Kevin Oakes is the author of Culture Renovation: 18 Leadership Actions to Build an Unshakeable Company. He is also CEO and co-founder of i4cp, the leading HR research firm that discovers the people practices of high-performance organizations. Kevin has been a pioneer in the human capital field for 25 years and is an international keynote speaker on culture, talent management, leadership, innovation, diversity, metrics, and strategic learning in organizations. He founded and served as President of SumTotal Systems, one of the largest providers of talent and learning solutions in the world, a company originally founded by Microsoft co-founder Paul Allen.
Only about 15% of companies that attempted a culture change succeeded.
Most organization talks about culture transformation. The best ones renovate—maintaining what made them great to begin with while making themselves more resilient for the future.
The most successful companies have leaders who don’t assume they know what the culture of their company is. They use data that is gathered frequently and broadly.
Identify the influencers/energizers and the blockers within your organization. Use the former to be culture ambassadors.
Determining how progress will be measured is a key predictor of the success of a culture change. Two-thirds of companies that successfully changed did this. Ninety percent of unsuccessful companies did not do this.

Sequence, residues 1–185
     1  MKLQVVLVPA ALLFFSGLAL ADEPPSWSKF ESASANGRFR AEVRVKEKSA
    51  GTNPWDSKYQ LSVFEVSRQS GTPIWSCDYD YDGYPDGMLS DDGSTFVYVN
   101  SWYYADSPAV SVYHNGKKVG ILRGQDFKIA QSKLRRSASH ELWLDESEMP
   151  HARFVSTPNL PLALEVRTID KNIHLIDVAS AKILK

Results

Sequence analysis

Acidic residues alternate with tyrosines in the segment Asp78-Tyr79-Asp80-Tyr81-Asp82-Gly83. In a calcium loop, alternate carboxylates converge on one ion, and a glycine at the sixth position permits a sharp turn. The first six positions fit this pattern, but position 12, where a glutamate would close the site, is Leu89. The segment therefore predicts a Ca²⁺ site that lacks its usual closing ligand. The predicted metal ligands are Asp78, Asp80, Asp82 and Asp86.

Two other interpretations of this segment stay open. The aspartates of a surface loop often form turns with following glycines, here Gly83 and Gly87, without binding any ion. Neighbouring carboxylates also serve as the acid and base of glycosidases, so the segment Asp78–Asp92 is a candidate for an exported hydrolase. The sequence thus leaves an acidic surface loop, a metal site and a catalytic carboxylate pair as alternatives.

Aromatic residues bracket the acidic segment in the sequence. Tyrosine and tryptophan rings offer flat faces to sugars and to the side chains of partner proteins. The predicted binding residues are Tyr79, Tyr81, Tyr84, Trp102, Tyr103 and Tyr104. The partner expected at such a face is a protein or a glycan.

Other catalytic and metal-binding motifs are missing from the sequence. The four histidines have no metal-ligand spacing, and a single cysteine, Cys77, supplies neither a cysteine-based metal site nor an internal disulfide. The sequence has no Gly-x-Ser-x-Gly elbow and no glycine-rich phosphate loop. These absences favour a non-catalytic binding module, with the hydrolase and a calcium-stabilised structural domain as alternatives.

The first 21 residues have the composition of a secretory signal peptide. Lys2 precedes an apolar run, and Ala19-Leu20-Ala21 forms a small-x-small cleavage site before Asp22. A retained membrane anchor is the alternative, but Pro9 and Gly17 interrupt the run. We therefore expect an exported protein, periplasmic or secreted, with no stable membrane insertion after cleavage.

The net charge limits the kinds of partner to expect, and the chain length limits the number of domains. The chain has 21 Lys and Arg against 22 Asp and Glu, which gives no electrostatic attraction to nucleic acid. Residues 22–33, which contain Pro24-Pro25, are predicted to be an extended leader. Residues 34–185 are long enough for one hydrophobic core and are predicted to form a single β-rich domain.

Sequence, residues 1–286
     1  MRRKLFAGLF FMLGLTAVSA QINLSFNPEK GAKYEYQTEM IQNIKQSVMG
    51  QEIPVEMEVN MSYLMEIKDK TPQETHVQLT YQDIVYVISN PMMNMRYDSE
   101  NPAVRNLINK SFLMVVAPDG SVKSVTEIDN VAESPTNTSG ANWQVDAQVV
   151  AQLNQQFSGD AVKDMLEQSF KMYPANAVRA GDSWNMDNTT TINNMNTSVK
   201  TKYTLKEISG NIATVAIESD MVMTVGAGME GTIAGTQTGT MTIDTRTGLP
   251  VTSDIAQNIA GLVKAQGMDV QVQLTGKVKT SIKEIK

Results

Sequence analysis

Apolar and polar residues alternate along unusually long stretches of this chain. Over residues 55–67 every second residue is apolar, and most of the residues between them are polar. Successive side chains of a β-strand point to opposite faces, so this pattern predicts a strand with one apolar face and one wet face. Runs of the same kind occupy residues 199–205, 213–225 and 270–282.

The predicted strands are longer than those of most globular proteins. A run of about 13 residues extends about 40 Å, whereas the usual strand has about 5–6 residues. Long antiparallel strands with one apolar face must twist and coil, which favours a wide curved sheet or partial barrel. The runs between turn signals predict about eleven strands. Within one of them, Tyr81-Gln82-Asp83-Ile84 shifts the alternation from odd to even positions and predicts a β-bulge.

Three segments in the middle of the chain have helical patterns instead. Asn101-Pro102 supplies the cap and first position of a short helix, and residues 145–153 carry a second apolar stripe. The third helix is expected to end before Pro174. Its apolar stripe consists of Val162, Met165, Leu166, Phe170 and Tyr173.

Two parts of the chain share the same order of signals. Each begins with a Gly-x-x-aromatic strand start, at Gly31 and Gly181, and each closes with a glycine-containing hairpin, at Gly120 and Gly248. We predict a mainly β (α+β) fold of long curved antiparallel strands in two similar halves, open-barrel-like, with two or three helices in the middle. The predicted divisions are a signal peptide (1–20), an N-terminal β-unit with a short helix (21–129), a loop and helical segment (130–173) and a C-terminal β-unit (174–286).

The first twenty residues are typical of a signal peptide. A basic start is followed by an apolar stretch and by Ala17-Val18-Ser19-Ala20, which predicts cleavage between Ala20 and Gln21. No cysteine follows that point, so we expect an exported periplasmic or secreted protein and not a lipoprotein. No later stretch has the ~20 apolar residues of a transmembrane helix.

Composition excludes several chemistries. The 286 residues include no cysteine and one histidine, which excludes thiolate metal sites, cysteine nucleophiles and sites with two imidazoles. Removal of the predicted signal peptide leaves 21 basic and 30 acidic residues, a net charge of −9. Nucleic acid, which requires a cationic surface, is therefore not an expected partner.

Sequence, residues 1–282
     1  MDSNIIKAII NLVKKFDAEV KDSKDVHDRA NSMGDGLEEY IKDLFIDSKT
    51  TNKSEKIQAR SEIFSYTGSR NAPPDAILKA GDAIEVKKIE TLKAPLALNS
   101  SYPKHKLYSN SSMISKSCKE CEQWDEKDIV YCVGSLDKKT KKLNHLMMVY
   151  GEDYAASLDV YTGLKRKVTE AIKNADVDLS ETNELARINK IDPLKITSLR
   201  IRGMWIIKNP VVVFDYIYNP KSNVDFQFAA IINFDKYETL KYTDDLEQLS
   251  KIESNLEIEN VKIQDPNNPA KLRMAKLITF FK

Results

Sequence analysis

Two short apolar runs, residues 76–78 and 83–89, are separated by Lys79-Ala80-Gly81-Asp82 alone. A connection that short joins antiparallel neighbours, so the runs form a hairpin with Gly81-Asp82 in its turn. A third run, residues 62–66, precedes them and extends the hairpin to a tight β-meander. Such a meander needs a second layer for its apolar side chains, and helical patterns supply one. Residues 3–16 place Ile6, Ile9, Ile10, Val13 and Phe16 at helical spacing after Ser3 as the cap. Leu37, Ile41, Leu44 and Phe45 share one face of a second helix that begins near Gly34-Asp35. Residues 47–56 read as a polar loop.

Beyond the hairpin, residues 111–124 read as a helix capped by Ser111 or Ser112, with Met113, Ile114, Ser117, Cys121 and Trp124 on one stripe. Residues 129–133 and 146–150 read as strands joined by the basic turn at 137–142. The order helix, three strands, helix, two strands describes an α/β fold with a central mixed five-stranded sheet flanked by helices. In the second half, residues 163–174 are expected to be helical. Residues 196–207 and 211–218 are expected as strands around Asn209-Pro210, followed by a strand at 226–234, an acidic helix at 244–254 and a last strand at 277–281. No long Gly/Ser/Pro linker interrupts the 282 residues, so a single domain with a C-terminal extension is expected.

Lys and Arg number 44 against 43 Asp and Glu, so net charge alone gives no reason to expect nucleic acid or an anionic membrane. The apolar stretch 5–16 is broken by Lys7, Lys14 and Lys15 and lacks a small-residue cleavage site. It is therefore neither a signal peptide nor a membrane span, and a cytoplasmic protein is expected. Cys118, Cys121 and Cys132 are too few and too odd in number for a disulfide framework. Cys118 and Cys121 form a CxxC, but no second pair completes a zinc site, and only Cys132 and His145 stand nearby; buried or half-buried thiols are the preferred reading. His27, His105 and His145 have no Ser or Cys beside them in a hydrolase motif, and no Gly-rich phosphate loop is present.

QUESTIONS TO INSPIRE US TO ACTION
What is some lesson, saying, or experience that continues to influence your leadership to this day? The idea of “open-book management”—managing a company transparently. It is both better and easier.
Use three descriptors to finish this sentence: “A leader is…” Honest, visionary, and clear.
What is a question that leaders should be asking either themselves or others? What more do I need to learn, and where should I focus that effort?
What book would you recommend to leaders? AHit Refresh: The Quest to Rediscover Microsoft's Soul and Imagine a Better Future for Everyone by Greg Shaw, Jill Tracie Nichols, and Satya Nadella
If you could get every listener to start doing something THIS week to help them be a better leader, what would it be? Take time to invest in yourself (not by exercising or eating better but by reading or gaining other information instead of simply giving it to others).
As a general life principle, is it better to ask “why?” or “why not?” “Why?” because you can question the conventional thinking, though the same philosophy can be behind in the question “why not?”